The Congressional Budget Office has underscored two key points with its rosy assessment of the Senate immigration bill. The first is that bringing the 11 million undocumented immigrants already here into lawful society would pay immediate economic benefits. Over the coming two decades, the CBO estimates, the legislation could shave nearly $1 trillion off the federal deficit. The second is that the labor pool and innovation that this workforce provides would strengthen the nation's finances and its ability to compete globally. These strong economic arguments come at a critical time as Republicans who oppose balanced, meaningful reform look for any excuse to block the Senate's bipartisan effort.
The long-awaited report by the nonpartisan budget office makes clear the Senate's immigration reform more than pays for itself. The CBO estimates the bill would cut the federal deficit by $175 billion over the next decade by moving millions of illegal immigrants into the lawful workforce and subjecting them to payroll and income taxes. Those savings would come after paying for the $22 billion in security-related improvements that the Senate bill calls for along the border. And the benefits are even better over the longer term. Between 2024 and 2033, the CBO found, the bill would cut the deficit an additional $700 billion — and, as importantly, bring much-needed young workers into the nation's aging labor market.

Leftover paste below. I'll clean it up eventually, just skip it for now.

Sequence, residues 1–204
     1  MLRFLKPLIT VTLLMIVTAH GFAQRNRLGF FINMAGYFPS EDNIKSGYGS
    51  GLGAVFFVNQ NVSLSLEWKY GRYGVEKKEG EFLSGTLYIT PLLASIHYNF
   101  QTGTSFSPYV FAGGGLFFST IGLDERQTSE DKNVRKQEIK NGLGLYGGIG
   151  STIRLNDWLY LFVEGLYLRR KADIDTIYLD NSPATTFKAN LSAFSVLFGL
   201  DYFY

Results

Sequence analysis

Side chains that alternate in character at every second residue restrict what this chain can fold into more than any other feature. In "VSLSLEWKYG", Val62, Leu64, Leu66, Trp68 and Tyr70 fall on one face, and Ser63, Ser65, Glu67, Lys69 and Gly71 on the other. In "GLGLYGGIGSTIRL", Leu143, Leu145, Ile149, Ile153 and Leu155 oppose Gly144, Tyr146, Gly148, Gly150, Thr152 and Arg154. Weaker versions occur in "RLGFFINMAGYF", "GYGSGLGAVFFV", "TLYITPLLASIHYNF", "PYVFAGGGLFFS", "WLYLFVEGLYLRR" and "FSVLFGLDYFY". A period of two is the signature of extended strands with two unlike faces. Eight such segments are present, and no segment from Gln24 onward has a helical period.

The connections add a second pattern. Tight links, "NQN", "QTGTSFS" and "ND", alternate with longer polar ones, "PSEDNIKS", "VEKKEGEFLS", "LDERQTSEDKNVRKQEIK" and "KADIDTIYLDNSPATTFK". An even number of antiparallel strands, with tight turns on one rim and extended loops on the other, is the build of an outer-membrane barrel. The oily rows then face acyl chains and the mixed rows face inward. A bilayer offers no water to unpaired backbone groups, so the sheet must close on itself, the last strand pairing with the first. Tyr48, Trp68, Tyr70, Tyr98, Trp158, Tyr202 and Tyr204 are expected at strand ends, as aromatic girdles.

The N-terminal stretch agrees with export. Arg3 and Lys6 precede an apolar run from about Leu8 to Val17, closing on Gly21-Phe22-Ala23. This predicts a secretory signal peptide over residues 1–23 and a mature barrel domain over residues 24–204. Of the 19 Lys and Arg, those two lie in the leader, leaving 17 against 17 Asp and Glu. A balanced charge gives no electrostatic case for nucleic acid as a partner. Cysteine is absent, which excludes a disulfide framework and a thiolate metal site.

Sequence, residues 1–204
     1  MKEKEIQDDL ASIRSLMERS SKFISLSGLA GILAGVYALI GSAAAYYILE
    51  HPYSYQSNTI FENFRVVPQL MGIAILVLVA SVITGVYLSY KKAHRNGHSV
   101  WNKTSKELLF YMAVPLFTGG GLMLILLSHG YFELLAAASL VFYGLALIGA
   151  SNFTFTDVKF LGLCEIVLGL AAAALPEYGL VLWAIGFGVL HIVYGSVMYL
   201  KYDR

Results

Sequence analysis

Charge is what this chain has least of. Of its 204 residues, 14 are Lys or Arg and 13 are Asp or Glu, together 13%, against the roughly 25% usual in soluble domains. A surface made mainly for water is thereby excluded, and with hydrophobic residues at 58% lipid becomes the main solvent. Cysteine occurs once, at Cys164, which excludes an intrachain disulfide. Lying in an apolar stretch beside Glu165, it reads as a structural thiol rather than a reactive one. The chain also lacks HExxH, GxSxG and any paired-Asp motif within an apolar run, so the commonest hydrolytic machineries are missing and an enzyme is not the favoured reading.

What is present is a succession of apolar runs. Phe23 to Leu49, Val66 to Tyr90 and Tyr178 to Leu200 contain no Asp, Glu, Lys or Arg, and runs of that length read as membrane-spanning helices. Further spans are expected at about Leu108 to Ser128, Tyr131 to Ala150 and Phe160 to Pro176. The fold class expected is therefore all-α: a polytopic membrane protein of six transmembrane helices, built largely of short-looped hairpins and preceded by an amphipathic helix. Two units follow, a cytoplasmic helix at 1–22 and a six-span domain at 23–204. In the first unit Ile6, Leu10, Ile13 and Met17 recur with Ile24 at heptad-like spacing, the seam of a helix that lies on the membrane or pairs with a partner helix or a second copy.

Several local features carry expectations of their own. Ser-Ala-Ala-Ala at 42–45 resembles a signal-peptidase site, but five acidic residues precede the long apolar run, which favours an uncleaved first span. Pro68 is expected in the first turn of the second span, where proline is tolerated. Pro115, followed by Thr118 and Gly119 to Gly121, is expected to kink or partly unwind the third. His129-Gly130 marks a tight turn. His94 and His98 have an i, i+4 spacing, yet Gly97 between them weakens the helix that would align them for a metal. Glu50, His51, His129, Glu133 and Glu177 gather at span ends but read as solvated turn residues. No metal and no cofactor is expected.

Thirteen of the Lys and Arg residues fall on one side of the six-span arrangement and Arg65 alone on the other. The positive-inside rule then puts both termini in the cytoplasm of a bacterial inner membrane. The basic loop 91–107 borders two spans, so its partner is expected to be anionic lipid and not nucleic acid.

The CBO assessment counters the picture that congressional opponents of reform like to paint of illegal immigrants being granted amnesty to mooch off the system. The report debunks the claim that creating a path to legal residency would give rise to a new welfare state (most illegal immigrants would not be eligible for means-tested federal benefits, such as those under the new Affordable Care Act). And over the next 20 years, the expanded workforce created by the Senate legislation would boost productivity, capital and wages, increasing the nation's economic output by 5 percent in 2033 and leading highly skilled immigrants to invent and market new technologies.
The budget picture provides fresh material for reform supporters to counter those in Congress who are twisting facts and hyping fears to try to kill any balanced legislation. The Senate should continue fighting the effort by Republican opponents to tie legalization to unworkable and extravagant border security demands that are poison pills designed to kill any political compromise. After the Senate acts, House Speaker John Boehner owes it to the public to bring a House version of immigration reform to a vote; his insistence Tuesday that any measure must be supported by the majority of House Republicans to even reach the floor shows the lengths conservatives are going to avoid a fair debate on a matter of great national importance.
The CBO report is an encouraging assessment of the impact of reasonable immigration reform. The Senate should continue to work on its bipartisan legislation, and the House should prepare to give it a fair hearing and not be held hostage by those who continue to play to the most extreme views in either political party.